How does DPoS Work?
Delegated Proof of Stake (DPoS) is a Proof of Stake (PoS) consensus mechanism for developers to scale up to thousands of transactions per second. DPoS places block production in the hands of a few semi-trusted entities to achieve more scalability than Proof of Work (PoW) or other PoS blockchains.

Common Terms

Nominator: A coin holder who stakes or delegates their coin to one or more validators.
Validator: A semi-trusted entity responsible for validating and producing blocks.
Epoch: The time required for a specific number of blocks to get finalized on the chain.

Voting

DPoS consensus allows users to vote directly or transfer their voting power to other users who will vote on their behalf as witnesses. Selected witnesses verify the transactions and create the blocks. If all the transactions in a block are verified and signed, a shared reward is given to those who have voted for the block producer. However, if a witness fails to verify all transactions in the given time, all transactions are left unverified, the block is missed, and no reward is distributed. The next witness collects these transactions and verifies that block. Such a block is termed stolen.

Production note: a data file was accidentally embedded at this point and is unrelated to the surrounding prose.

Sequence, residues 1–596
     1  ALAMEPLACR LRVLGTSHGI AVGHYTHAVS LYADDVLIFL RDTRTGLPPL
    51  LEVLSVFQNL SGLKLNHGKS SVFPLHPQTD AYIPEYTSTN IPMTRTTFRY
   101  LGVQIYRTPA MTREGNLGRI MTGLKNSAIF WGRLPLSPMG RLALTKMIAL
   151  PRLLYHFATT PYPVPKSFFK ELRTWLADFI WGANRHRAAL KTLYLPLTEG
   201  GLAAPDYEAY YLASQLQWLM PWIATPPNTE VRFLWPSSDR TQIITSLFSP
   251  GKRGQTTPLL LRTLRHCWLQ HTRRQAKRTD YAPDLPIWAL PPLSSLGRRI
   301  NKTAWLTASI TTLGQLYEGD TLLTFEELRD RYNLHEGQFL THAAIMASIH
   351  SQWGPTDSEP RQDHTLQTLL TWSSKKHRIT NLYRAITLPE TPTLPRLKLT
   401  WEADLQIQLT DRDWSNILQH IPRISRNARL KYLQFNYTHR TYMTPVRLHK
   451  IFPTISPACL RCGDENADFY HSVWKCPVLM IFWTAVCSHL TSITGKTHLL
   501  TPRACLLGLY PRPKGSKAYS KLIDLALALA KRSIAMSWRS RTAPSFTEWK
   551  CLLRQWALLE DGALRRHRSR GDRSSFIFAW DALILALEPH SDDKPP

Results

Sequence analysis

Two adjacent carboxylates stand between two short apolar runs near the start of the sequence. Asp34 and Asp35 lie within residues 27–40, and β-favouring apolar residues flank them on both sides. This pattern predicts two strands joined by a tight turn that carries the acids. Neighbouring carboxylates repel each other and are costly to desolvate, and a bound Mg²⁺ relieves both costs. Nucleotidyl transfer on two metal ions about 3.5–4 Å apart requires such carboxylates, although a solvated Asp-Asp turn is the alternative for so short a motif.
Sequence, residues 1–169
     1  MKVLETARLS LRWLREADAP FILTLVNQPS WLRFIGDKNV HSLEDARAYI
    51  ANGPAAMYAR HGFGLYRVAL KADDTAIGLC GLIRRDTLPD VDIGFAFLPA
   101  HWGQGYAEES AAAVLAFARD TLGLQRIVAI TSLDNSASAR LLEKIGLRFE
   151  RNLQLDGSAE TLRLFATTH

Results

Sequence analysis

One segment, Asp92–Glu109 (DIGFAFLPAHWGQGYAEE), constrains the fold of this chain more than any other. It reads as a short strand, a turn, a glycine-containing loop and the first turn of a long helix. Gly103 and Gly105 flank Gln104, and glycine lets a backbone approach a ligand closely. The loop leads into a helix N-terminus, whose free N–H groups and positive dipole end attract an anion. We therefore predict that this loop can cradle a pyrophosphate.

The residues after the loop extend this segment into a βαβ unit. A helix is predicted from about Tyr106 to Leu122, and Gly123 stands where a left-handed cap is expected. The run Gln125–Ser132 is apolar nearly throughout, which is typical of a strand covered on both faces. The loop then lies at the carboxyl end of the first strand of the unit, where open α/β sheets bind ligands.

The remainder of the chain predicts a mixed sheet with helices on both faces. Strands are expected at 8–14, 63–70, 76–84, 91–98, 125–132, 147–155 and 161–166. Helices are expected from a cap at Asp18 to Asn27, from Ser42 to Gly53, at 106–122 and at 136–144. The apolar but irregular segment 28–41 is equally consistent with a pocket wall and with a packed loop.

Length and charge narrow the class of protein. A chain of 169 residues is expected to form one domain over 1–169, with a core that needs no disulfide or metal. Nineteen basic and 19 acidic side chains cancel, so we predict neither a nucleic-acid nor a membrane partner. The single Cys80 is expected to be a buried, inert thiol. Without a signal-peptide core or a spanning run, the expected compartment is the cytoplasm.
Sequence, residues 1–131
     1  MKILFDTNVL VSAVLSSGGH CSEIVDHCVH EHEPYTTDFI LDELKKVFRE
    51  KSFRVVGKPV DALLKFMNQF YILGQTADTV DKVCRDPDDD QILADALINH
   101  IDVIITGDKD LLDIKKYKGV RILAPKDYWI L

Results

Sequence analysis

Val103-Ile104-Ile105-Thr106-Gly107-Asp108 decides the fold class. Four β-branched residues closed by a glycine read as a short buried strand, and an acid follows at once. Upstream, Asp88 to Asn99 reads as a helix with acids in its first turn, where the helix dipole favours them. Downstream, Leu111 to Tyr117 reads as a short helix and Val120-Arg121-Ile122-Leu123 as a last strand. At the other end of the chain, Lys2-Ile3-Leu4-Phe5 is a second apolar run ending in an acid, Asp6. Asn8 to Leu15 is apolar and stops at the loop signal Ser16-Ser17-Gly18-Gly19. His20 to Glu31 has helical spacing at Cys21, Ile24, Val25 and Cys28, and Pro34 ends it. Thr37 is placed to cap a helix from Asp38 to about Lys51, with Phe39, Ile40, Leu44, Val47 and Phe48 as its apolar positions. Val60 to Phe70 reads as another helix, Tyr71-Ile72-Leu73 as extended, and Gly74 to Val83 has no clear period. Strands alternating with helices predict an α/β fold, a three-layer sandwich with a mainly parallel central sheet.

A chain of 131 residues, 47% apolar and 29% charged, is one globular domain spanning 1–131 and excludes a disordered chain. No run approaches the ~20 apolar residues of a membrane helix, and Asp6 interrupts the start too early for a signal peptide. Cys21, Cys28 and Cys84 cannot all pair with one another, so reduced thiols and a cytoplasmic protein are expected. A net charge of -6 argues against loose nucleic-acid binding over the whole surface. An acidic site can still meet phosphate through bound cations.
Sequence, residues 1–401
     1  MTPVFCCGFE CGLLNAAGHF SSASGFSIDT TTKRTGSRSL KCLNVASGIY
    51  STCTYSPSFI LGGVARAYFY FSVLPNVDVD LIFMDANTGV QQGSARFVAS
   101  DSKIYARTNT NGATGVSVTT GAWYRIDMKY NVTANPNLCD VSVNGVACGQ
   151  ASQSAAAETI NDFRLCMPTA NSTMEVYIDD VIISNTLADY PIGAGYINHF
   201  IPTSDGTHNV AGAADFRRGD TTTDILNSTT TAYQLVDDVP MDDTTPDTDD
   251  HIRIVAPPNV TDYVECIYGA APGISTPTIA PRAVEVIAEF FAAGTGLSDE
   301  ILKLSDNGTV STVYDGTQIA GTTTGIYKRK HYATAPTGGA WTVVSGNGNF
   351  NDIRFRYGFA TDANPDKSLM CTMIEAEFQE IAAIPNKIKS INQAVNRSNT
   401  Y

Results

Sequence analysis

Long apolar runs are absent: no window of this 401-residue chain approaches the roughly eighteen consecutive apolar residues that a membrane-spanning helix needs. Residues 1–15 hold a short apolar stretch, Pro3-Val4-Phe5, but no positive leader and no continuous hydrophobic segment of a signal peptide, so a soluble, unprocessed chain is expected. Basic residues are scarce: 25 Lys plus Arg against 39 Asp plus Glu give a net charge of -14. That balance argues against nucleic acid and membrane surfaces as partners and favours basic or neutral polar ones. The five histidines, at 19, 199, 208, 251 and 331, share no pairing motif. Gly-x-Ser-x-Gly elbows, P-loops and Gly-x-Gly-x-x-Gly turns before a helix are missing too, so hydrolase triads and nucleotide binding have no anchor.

Witnesses

Witnesses create blocks and validate transactions. They can select specific transactions to be included in a block but, they cannot alter the data of any transaction.
A round in DPoS blockchain with N witnesses/block producers follows a round-robin order as explained below:
  • N block producers are selected from a pool of witnesses.
  • The mth block producer signs the block until m=N.
  • A block is finalized when it is voted by (2/3+1) of block producers.

Delegates

DPoS also allows users to vote for delegates who oversee and manage blockchain governance. Delegates can propose the modifications in the network, such as changing the size of blocks or revising the amount that a witness is paid in return for validating a block. Blockchain users vote on whether to adopt the changes proposed by the delegates.

Block Validators

Block validators are the full nodes that verify the transactions and ensure that the blocks created by witnesses follow the consensus rules. Anyone can join the public blockchain and become a validator to participate in the network's consensus. However, there's no incentive for block validators.

Why DPoS?

Scalability
Compared with PoW or other PoS blockchains, DPoS blocks are propagated through the network much more efficiently: they are produced more consistently and reliably in a much shorter time frame. Moreover, finality is reached as soon as two-thirds of the block producers confirm a transaction.
Network Infrastructure
In DPoS, users control who provides the infrastructure, whereas, in PoW and other PoS blockchains, users cannot choose between validators. It is as if validators in DPoS work for the users (nominators) and can be fired for not performing their duties accordingly.
On-Chain Governance